Four walls of his life
Anthony Porter was exonerated of murder and set free.
Now, he's adrift in a world he is unprepared to face.
Chicago Tribune, July 18, 1999
By Monica Davey, Tribune Staff Writer
Anthony Porter looked around the cinder-block storage room at piles of clothes other inmates at Cook County Jail had left behind.
After spending 15 years and 5 months on Death Row for a double murder he didn't commit, the 44-year-old Porter chose an inconspicuous black shirt, black jeans, a black Atlanta Falcons cap and white sneakers. A jail guard offered him a Velcro wallet and a couple of CTA tokens.
As TV crews and a news helicopter prepared to record Porter's release, one of his attorneys volunteered a last bit of advice. "The second you turn that corner," she said, "your life is going to change."
The crowd cheered as he approached, a symbol of injustice in the mounting debate over the death penalty in Illinois.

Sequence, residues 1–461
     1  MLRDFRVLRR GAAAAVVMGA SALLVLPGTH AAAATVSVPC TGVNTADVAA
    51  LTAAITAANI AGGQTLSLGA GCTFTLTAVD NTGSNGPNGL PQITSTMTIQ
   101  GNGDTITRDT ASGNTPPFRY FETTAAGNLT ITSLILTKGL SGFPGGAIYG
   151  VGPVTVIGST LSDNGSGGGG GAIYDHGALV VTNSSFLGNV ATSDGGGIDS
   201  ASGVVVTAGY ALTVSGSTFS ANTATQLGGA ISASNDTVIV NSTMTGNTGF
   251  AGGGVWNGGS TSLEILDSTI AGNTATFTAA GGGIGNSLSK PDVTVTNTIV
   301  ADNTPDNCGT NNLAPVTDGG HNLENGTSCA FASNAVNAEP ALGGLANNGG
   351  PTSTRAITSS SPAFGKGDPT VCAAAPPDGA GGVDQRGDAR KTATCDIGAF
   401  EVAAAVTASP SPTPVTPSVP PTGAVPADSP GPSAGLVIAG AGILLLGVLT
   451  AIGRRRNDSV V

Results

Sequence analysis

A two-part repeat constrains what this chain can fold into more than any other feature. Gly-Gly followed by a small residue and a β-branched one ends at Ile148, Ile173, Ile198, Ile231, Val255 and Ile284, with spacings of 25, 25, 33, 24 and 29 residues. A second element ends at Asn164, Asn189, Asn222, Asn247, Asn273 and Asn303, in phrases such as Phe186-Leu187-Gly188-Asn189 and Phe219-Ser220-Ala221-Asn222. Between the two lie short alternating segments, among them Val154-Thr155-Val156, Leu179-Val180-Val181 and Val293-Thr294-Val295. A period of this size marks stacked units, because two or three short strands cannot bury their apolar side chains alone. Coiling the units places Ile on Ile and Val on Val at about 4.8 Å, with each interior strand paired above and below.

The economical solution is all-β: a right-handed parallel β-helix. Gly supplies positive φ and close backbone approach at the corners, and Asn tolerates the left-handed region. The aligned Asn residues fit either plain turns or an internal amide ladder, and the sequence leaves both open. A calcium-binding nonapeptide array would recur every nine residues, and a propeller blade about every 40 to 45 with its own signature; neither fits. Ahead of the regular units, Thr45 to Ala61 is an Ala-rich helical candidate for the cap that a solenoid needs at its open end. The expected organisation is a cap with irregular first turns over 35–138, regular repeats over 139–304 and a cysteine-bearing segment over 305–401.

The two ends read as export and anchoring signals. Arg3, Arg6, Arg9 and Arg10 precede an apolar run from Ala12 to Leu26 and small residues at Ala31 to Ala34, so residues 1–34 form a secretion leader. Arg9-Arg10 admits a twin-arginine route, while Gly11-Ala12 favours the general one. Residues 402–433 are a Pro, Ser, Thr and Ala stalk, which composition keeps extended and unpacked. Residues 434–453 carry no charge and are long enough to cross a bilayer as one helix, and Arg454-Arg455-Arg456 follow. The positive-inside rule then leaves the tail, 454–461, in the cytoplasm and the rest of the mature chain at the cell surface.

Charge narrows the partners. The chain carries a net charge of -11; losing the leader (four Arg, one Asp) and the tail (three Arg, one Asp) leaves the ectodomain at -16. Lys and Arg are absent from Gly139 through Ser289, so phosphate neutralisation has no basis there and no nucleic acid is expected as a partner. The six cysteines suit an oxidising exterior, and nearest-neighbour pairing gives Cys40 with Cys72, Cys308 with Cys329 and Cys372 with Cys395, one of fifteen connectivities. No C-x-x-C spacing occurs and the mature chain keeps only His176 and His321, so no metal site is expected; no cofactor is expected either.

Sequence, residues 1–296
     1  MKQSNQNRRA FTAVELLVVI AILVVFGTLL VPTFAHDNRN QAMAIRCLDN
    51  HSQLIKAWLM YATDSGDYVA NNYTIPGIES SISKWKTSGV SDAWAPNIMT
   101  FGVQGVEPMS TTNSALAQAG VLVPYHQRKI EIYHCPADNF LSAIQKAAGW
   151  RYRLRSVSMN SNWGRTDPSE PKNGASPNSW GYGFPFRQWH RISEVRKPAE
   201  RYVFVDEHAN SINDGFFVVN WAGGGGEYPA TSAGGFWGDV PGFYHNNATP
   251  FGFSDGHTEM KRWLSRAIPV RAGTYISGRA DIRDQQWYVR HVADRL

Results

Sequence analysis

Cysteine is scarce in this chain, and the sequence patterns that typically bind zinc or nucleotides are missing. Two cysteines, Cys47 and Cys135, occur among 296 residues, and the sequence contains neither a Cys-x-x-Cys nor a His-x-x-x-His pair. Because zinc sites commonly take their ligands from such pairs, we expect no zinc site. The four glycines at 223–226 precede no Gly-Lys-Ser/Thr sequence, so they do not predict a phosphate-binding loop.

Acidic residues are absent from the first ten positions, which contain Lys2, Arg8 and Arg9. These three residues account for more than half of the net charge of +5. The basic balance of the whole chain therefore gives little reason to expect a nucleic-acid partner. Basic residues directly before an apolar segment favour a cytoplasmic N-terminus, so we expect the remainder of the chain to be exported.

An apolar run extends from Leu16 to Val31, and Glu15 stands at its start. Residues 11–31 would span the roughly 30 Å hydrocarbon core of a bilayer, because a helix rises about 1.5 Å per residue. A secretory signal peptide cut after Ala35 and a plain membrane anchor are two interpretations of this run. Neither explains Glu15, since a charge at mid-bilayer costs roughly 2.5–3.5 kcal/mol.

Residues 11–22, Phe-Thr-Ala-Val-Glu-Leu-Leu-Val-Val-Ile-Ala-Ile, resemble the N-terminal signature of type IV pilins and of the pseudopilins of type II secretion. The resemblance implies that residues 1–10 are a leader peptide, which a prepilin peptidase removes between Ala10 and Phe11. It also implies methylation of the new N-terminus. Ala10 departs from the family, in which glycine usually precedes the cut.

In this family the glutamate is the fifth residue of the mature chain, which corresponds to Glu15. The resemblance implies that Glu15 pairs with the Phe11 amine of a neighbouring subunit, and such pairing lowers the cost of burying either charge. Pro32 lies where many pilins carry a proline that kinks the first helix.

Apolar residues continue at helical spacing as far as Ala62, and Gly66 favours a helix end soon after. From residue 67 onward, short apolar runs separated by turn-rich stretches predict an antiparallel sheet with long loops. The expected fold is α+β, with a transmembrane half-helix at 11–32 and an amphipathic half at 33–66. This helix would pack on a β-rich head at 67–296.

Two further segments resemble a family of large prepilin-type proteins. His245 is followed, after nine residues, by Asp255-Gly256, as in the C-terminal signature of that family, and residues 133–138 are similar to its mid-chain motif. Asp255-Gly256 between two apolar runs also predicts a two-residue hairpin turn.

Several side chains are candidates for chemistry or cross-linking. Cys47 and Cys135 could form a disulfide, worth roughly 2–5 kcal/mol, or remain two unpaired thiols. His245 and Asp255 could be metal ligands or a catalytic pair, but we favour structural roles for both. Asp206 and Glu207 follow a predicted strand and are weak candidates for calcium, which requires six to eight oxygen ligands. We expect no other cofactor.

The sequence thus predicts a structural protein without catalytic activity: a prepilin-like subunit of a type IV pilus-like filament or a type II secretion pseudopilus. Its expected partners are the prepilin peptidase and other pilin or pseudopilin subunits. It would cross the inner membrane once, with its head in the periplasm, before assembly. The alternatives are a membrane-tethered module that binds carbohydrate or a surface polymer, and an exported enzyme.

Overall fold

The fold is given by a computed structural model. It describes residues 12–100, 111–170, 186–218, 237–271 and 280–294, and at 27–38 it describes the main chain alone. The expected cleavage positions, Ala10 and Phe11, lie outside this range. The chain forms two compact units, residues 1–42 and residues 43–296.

Behind Porter was the world he knew best -- cramped cells, scheduled meals, prison jumpsuits and push-ups on a concrete floor. Before him was a world of freedom in which clashing forces of fame, greed, love and politics were about to exact their own price.
Climbing into a black sedan to be whisked down the Dan Ryan Expressway to his mother's apartment, Porter beamed. "I'm ready for everything," he said that day in February.
But during the last 5 months, his hopes have faded. He has already spent a night in jail on a domestic battery charge. Stuck in his old neighborhood, he has no job and little money. Boredom, depression and despair once again shadow his life.
Like 11 other men set free from death row in Illinois since capital punishment was reinstated in 1977, he receives no state counseling or monitoring -- services mandated for those who are paroled or placed on probation.
For Porter, a handful of ordinary people have stepped in. Some have tried mightily to help him, others have sought to exploit the spectacle of Porter's odyssey for their own gain, and some have done both. Each has a different vision for his new life. Sign a movie deal. Stay out of trouble. Spread God's word. Get rich. Get romantic. Get political.
He lives in a prison of a different sort, confined by his lack of education, his dependence on others and his bleak past.
"I am disappointed," Porter says. "All I wanted was to get home. Then I got to go home. I feel like I'm going through the same thing as before. . . . Everybody keeps coming at me. I just want to get a life."